What Happened That Night by Sheila O'Flanagan
Genre: Family, Romance, Fiction
One night the life of Lola Fitzpatrick changes completely after meeting a man, the man of her life? Maybe... the only important thing is that her and her daughter's life will go around that night for a long time... ready?
This is a book about dreams, disappointment, love and the most important thing, family. I enjoyed every page of this book, the happiness, the sadness and joy, of course, it was written so smooth that I was turning pages without even noticing it!
The story of Lola and Bey is powerful, how they stand in their life and asking for the respect they deserve for being a woman, fighting for their dreams and a little place in the world they are living. Bey had two families, the sweet one, for her mother's side and the harmful one, her father's side... she will have to accept both of them, but they will have to understand that a wrong from the past doesn't mean a fault in the future... we'll see if they learn the lesson!
I loved how in every chapter there's a little description of a gemstone, something simple but easy for us to understand the meaning. It was original and perfect for the book. I was fascinated with this book, I had a difficult childhood with the family and I love gems and jewellery, so I felt completely identified with Bey's story and situation!
This is an exquisite book, everyone who loves a family story will love this book, but if not, I highly recommend you to try it, it's worth the read!
Ready to change your life?
Here's the first chapter, I am sure it will captivate you! ;)
Lola Fitzpatrick always had a choice to make on Friday afternoons: to stay for the weekend in the flat she shared with three other girls in Dublin, or to spend the days at the family farm instead. Left to her own devices, the choice was simple.
Dublin was far more exciting and vibrant than a weekend at the farm could ever be, and at least one of her flatmates was sure to be around and ready to socialise. On the other hand, Cloghdrom was home. But returning there was like taking a step back in time. Socialising was limited to drinks in one
of the local pubs (excluding McCloskey’s, which was only ever frequented by elderly farmers), or enduring what was still called a ‘hop’ at the GAA clubhouse – scratched records played beneath a disco ball by Baz Hogan, who fancied himself as a DJ. From Lola’s point of view, Cloghdrom hadn’t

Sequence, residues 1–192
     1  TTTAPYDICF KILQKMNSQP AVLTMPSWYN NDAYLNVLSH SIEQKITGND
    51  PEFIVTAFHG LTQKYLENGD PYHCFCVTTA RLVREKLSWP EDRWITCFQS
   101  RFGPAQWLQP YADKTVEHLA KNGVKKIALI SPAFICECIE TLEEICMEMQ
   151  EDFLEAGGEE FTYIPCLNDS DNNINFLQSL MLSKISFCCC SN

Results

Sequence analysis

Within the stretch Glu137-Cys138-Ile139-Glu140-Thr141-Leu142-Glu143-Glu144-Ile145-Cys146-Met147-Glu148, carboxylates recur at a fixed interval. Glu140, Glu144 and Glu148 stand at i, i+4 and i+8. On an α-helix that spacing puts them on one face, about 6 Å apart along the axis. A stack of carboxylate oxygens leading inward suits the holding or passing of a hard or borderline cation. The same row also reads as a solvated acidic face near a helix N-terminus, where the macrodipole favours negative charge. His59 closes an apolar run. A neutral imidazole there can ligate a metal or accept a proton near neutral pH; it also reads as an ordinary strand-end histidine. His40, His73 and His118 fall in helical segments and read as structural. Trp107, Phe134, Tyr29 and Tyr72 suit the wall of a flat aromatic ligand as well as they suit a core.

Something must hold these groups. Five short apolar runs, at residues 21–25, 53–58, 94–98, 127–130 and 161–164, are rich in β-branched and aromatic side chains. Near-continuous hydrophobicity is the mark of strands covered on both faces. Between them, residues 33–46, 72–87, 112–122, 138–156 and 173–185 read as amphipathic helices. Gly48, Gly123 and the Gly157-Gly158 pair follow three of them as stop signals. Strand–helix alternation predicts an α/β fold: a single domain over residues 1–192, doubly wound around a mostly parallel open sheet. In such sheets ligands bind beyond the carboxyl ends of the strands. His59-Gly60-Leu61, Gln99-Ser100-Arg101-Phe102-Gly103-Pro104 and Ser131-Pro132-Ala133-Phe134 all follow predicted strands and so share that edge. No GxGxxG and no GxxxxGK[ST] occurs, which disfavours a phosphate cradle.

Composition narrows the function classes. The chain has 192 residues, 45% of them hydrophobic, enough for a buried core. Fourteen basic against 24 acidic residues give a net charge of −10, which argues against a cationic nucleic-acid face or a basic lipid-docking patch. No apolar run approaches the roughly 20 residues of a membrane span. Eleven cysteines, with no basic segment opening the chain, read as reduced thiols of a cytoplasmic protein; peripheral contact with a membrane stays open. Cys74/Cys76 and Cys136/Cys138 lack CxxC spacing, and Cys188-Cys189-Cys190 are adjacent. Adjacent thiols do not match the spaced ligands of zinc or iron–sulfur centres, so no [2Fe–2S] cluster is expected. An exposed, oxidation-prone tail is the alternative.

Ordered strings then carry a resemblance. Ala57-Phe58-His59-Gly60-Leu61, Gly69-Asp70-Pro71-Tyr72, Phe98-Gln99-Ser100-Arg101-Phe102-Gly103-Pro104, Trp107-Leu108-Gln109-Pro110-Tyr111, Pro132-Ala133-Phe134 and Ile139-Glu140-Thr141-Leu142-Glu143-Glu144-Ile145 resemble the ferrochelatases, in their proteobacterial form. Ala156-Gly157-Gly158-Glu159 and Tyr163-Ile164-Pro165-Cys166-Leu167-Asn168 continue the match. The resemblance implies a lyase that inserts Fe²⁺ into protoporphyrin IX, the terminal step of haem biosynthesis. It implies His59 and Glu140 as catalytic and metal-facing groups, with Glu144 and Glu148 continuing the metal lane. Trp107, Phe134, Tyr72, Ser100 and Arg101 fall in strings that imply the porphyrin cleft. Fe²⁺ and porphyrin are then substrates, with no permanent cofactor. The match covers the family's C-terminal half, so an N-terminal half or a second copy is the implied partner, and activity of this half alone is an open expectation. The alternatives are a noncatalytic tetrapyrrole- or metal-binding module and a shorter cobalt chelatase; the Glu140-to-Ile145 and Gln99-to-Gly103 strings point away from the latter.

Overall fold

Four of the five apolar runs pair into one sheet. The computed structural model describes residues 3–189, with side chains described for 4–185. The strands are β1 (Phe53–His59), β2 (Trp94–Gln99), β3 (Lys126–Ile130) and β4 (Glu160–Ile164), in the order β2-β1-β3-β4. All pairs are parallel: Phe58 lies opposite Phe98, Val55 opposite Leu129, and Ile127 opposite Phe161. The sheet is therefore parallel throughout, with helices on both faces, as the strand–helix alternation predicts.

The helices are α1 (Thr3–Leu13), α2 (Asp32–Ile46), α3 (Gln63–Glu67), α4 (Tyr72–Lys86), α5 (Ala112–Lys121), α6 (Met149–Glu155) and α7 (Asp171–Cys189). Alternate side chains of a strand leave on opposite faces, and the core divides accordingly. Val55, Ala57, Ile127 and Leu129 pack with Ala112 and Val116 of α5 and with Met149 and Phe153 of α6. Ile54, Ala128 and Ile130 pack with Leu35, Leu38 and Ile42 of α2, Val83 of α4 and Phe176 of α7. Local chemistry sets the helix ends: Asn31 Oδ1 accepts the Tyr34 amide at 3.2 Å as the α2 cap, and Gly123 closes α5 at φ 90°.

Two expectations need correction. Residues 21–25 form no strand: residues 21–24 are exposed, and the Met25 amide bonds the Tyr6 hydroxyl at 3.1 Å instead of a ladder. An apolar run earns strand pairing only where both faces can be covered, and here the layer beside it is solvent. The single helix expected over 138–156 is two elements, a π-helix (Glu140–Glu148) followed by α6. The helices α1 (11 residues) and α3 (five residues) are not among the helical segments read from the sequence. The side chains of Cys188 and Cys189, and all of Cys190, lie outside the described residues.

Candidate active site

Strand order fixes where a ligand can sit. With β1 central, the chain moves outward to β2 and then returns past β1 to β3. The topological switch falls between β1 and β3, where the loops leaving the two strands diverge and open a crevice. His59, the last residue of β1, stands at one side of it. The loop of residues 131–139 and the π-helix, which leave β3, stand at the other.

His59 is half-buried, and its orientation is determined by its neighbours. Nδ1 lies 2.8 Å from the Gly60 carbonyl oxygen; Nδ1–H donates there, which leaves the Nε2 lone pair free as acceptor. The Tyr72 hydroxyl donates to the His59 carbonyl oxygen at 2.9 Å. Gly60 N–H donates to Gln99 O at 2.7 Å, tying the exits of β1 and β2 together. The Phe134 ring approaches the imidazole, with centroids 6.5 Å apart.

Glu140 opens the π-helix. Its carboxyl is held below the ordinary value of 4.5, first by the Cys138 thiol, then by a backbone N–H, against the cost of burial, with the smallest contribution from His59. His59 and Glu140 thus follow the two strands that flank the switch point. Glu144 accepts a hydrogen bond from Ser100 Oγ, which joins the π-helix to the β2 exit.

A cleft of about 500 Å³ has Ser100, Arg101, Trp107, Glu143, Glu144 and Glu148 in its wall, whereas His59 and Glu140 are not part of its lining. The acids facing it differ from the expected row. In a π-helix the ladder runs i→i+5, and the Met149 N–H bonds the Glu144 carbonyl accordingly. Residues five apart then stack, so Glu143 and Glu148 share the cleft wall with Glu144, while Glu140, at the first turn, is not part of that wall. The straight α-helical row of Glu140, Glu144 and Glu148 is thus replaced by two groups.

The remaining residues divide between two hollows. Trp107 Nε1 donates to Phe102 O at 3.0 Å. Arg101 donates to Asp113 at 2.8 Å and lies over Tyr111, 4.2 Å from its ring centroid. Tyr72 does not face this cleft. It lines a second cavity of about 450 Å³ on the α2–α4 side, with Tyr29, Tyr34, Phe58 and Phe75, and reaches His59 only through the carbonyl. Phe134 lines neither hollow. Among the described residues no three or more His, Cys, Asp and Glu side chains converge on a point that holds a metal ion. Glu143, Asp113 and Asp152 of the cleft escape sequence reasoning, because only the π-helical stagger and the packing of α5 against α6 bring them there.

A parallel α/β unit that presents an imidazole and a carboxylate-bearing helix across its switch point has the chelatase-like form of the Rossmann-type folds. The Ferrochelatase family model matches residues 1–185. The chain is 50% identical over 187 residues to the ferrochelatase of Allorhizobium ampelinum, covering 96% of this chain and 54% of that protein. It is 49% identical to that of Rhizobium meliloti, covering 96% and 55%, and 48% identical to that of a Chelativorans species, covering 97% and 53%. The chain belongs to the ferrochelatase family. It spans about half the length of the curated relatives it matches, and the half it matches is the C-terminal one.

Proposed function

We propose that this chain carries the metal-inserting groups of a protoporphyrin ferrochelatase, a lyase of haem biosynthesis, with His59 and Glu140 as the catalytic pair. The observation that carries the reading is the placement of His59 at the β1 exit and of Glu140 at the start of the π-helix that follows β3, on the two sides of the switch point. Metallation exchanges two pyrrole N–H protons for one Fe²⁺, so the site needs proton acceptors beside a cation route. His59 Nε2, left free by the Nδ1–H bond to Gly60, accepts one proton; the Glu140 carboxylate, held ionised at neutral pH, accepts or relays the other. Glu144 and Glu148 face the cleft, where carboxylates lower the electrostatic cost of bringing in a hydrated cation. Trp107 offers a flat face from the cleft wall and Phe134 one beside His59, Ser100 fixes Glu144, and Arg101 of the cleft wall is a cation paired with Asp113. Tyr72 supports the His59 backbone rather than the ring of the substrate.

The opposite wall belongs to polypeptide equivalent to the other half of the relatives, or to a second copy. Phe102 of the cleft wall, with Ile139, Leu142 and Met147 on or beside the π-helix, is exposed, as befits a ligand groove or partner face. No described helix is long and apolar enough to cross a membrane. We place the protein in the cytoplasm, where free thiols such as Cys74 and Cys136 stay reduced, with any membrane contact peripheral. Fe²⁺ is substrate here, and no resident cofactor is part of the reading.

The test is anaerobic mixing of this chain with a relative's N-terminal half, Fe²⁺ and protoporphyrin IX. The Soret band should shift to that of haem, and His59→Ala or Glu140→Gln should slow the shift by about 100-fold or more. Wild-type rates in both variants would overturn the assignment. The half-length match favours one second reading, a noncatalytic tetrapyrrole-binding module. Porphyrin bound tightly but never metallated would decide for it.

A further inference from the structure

even made it out of the 1950s, let alone reached the 80s; the general assumption of the inhabitants was that their sons would inherit the farm while their daughters would marry other farmers.
‘It’s like Pride and Prejudice without the gorgeousness of Pemberley,’ she complained to her older sister Gretta. ‘The men get the assets and we wait to be married off.’
Gretta laughed at her mutinous tones and told her that marrying a local lad wasn’t the worst thing that could happen. She had to say that, Lola would reply; hadn’t she been engaged to Mossy McCloskey (eldest son of the pub owner) practically since the day she’d left school? Which was fine for Gretta, who loved being part of the community and who never wanted to leave. Fine, too, for their older brother Milo, who was already married and working on the farm. But not fine for her, the youngest daughter, whose ambitions were very different, despite the fact that she could break a man’s heart with a single glance from her vivid blue eyes and a toss of her luxurious dark hair.
Getting the job at the Passport Office in Dublin and moving into a flat with three other girls had been the start of a life that didn’t depend on the weather and milk quotas and the happiness of the herd. It was a life where her opinion mattered, and having a drink with someone of the opposite sex didn’t have everyone talking about their upcoming nuptials five minutes later. She hated having to interrupt it to go back to the old one, no matter that she did sometimes miss her family and the constant aroma of her mother’s home-made bread wafting around the kitchen.